Shades of Community and Conflict
Biracial Adults of African-American and Jewish-American Heritages
|Institution:||The Wright Institute: Berkeley|
|Advisor(s):||Anne C. Bernstein, Mimi Lou, Terry Wilson|
|Degree:||Doctor of philosophy in Psychology|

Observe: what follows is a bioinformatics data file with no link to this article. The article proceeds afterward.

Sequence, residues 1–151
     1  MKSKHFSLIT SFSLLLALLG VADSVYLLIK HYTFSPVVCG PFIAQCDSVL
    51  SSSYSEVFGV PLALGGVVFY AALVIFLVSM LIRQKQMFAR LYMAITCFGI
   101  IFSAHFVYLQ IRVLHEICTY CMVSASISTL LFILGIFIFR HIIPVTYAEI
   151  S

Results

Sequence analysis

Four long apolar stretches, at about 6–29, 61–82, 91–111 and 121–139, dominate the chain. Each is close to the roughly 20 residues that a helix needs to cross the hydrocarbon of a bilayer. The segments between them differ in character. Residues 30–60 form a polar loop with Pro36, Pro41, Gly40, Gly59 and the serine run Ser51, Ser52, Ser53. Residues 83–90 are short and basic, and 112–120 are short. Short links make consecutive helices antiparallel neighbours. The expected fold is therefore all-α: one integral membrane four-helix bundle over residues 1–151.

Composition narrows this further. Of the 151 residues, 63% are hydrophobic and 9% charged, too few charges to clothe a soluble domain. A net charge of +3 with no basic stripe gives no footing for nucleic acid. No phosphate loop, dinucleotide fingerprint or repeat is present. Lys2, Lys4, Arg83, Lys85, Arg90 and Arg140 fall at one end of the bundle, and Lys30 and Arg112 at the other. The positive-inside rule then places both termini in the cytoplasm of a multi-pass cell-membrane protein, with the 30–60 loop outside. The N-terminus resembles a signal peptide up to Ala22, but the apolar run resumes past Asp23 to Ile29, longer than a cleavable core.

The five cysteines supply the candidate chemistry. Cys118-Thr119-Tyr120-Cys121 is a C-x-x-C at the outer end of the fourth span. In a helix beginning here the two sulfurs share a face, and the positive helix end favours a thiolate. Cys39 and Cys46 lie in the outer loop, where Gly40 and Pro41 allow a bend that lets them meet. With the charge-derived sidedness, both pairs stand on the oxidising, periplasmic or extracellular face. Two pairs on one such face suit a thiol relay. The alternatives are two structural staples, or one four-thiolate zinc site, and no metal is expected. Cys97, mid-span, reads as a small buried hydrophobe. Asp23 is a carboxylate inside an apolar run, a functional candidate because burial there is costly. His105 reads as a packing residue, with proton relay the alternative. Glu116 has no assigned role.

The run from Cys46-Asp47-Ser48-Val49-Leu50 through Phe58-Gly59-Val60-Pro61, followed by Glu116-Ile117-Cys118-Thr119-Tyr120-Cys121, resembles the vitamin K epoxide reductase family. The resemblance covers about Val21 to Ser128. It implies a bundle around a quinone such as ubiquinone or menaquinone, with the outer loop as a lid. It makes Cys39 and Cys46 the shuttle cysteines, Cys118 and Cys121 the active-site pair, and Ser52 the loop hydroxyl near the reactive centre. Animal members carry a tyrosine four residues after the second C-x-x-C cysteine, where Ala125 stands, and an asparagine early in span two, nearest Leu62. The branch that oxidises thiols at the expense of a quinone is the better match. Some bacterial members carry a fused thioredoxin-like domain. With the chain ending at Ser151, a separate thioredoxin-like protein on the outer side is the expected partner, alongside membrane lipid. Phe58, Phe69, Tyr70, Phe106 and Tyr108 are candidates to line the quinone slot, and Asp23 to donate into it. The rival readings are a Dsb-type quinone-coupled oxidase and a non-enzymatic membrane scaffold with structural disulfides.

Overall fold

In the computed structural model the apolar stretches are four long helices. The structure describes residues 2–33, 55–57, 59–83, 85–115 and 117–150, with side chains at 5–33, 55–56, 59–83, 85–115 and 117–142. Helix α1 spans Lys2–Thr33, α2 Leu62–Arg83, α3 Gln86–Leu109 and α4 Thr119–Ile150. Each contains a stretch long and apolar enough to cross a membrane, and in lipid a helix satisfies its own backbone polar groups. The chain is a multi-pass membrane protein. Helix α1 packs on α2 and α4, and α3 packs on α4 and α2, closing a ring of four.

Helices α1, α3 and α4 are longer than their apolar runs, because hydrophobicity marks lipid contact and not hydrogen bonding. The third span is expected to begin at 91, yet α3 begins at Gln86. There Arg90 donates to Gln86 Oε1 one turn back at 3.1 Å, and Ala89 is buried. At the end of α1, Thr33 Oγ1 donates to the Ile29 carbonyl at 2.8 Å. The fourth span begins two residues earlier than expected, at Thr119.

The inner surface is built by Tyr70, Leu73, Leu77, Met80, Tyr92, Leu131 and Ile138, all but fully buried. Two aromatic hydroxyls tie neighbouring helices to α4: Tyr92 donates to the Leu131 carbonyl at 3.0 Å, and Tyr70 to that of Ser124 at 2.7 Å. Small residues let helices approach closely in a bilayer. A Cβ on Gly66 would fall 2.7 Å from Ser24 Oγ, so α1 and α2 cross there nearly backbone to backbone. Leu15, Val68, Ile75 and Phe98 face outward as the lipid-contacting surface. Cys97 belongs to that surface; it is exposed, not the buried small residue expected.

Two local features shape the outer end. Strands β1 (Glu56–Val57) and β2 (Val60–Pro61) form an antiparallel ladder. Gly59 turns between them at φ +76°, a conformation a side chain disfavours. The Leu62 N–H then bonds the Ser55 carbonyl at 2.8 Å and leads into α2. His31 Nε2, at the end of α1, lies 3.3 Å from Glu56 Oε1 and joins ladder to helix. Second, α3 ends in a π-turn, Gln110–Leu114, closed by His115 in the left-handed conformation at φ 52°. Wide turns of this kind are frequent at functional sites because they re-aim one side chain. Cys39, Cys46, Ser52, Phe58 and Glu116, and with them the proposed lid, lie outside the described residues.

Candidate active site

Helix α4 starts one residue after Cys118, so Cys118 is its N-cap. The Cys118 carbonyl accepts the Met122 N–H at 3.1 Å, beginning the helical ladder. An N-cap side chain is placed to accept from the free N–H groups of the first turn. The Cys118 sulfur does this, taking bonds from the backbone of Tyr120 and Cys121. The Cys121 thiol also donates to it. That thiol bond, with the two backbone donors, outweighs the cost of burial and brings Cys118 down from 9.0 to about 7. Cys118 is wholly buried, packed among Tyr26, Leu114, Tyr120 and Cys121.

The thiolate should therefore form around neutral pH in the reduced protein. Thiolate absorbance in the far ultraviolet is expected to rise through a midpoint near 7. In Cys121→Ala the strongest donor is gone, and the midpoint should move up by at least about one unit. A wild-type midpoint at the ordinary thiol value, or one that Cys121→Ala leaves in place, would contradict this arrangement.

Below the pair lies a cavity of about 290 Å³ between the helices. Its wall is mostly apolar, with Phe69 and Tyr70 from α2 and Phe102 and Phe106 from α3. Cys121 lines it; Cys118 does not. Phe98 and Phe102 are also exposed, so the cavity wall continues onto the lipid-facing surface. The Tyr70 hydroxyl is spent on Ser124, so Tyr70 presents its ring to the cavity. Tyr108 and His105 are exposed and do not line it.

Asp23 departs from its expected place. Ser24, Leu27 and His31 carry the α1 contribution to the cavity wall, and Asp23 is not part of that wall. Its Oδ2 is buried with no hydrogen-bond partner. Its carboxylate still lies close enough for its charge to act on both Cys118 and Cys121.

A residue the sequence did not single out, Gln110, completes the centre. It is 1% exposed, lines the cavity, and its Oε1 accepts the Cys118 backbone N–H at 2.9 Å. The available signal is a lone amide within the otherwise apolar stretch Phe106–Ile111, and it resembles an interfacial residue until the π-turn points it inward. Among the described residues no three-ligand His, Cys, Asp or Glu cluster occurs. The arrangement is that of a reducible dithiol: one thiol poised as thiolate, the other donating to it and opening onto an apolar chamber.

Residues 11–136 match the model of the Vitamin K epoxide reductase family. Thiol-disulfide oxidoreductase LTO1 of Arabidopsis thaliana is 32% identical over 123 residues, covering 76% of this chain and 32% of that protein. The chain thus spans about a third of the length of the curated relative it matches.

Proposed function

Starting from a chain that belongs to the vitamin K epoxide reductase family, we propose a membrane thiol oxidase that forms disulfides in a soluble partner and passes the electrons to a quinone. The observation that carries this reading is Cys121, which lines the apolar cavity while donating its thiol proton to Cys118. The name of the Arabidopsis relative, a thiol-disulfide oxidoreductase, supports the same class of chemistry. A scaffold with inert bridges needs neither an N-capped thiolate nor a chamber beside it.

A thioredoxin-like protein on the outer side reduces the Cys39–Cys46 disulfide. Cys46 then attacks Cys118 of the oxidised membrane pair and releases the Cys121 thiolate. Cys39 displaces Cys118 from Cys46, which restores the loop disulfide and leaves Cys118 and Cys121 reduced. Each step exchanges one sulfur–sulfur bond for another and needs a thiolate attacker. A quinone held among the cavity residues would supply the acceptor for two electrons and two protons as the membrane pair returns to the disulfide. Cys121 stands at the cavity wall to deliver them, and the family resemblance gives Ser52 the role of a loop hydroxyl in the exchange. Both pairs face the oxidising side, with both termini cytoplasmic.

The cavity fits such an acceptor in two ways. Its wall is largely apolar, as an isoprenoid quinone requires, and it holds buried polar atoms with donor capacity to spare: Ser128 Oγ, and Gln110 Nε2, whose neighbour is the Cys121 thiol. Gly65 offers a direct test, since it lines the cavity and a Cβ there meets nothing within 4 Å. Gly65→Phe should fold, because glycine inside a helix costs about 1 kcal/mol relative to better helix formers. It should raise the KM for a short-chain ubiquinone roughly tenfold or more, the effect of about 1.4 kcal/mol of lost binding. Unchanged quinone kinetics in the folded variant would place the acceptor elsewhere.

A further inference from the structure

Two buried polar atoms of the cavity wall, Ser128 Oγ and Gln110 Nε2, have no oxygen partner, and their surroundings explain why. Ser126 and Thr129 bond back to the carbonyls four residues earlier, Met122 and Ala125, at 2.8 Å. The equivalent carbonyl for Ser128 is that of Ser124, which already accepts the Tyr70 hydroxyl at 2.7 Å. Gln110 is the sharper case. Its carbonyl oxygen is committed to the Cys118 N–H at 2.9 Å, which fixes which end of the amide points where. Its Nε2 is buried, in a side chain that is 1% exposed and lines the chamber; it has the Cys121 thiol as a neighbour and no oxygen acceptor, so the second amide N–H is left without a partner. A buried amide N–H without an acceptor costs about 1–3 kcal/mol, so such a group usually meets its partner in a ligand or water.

This study of eighteen adults of African-American and Jewish-American heritage explores how biracial subjects of two minority parents negotiates mixed race heritage and identity in a society that maintains a hostile attitude toward interracial unions. Data collection included1) a semi-structured interview to determine subjects' own sense of racial/ethnic identity, 2) a measure of parental closeness, and 3) a series of twelve anecdotal hypothetical situations as a stimulus to revealing subjects' affective, cognitive and behavioral responses in contexts in which the subjects mixed-heritage might be expected to evoke conflict.A qualitative analysis, incorporating socio-cultural, psychodynamic, and historical perspectives, was utilized to investigate 1) racial and cultural stereotyping, 2) a hierarchy of color and racial categorization, 3) racial tolerance, 4) Black and Jewish relations, 5) biracial (Black and Jewish) identity, as mediated by parental and familial closeness. Factors that influenced racial/identity development in the subjects' lives were identified. Five of the six hypotheses were supported: 1) Phenotype is related to interpersonal perception. The biracial adult phenotypically perceived as African-American is more likely to identify as such, whereas the biracial adult phenotypically perceived as White is more likely to identify as either White or "mixed." 2) Closeness to the African-American parent is not necessary for children of mixed-race/Jewish heritage to identify with African-American heritage. 3) Closeness to the Jewish parent is a necessary but not a sufficient condition for children of mixed-race/Jewish heritage to identify with Jewish heritage. 4) For those who are close to their Jewish parent, the degree of closeness affects the degree to which they identify as Jews. 5) The extent to which respondents experience themselves as integral parts of their extended families will increase the extent to which they identify with that half of their cultural heritage. The sixth hypothesis, which stated that to the degree that respondents express negative stereotypes of one part of their heritage they will also minimize their identification with that part of their heritage was not supported due chiefly to the lack of negative stereotyping by most of the respondents.